The bill for transporting Norfolk children to school has soared to a whopping £62m - with officers warning the surging spend will add to County Hall's multi-million-pound funding gap.

Norfolk County Council, which has a statutory duty to provide free travel to their nearest suitable school for eligible children aged five to 16, has gone over its £55.6m home-to-school budget by £6.1m.

That is money the authority spends on taxis, buses and minibuses to get youngsters to and from their education.

The bulk of it is used to get children with special educational needs and disabilities (SEND) to schools best placed to cater for their needs - which can mean costly taxi rides miles from their homes, including to schools outside Norfolk.

While the Conservative-controlled council is trying to reduce costs, officers said there had been "unprecedented" demand this year, with added pressure due to the increasing complexity of children's special educational needs and disabilities.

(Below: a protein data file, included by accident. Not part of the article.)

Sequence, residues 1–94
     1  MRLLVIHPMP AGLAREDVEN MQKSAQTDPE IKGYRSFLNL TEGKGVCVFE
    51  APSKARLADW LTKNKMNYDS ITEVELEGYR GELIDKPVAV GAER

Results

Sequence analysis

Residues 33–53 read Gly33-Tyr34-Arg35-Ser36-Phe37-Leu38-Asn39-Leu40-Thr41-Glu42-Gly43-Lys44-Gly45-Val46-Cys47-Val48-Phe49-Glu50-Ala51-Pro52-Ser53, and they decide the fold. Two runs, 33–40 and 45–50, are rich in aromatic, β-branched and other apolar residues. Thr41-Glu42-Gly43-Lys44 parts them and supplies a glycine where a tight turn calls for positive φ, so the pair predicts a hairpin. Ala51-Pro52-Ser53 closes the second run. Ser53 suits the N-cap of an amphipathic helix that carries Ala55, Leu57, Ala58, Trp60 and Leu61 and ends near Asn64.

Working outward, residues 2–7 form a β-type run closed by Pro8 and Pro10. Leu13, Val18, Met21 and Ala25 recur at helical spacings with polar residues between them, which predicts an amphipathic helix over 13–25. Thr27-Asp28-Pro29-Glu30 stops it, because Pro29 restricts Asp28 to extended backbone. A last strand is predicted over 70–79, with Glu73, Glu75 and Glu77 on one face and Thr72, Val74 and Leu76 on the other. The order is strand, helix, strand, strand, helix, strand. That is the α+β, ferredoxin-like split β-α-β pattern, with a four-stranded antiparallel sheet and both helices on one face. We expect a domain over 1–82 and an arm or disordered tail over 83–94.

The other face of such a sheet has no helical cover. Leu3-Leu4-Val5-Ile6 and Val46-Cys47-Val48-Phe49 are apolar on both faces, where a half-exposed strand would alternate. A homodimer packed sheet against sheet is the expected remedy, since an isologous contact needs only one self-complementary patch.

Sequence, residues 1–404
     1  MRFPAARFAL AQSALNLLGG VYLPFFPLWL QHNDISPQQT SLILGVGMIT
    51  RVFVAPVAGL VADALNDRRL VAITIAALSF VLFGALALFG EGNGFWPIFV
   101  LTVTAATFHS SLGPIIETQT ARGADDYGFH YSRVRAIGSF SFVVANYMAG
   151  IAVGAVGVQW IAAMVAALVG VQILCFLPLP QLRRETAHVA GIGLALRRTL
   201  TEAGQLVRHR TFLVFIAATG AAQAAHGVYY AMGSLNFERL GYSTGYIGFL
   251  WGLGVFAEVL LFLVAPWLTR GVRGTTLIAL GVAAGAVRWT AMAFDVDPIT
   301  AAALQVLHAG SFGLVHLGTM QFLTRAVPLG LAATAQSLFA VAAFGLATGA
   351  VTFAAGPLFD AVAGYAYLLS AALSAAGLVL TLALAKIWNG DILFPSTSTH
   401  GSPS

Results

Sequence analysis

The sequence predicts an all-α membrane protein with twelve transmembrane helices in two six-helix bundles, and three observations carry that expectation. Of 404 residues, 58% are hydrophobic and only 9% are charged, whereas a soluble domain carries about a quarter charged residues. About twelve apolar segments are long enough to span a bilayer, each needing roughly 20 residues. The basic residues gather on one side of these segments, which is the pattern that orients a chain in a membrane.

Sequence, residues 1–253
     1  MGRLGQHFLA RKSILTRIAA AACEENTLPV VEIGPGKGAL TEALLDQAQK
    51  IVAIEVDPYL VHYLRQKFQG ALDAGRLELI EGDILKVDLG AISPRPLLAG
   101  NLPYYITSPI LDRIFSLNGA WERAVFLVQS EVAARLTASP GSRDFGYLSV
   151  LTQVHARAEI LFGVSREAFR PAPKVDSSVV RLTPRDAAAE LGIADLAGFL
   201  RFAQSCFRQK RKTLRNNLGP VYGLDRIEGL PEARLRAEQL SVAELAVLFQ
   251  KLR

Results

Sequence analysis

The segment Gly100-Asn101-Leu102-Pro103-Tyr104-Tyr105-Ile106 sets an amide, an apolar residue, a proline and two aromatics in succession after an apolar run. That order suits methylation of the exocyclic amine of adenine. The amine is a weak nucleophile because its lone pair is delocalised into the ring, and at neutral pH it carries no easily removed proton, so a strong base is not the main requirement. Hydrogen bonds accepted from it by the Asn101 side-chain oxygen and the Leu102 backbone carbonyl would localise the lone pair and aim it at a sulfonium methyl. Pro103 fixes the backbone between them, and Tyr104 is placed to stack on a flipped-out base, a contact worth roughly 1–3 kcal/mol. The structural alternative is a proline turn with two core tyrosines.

Councillors heard about the overspend at a meeting on Friday.

Eastern Daily Press: Norfolk County Council's County Hall headquartersNorfolk County Council's County Hall headquarters (Image: Mike Page)

James Wilson, director of sufficiency, planning and education strategy in children's services, said the council was paying for some youngsters to travel "substantial" distances to get to appropriate schools.

He said: "Logistically, transporting tens of thousands of children around the county every single day is an enormous and complex challenge.

"In financial terms, we now spend more than £60m a year on that task, so it is a big part of our business, both financially and in terms of the operational challenge around it."

Mr Wilson said it was increasing year on year, with the number of children eligible for transport increasing and their needs becoming more complex to meet.

The council is trying to bring down the bill by building new specialist schools, creating specialist resource bases and through its Local First Inclusion programme, which aims to support SEND children in mainstream schools.

The authority also has a scheme offering young SEND people support to help them become confident independent travellers - which will also cut travel costs.

Eastern Daily Press: Norfolk county councillor Robert SavageNorfolk county councillor Robert Savage (Image: Newsquest)

The council recently agreed to make £42m of cuts and savings and Robert Savage, Conservative councillor for Wymondham, asked where the money to tackle the overspend would come from.

Mr Wilson said it would have to be absorbed by the council's overall budget, adding to the spending gap for the next year.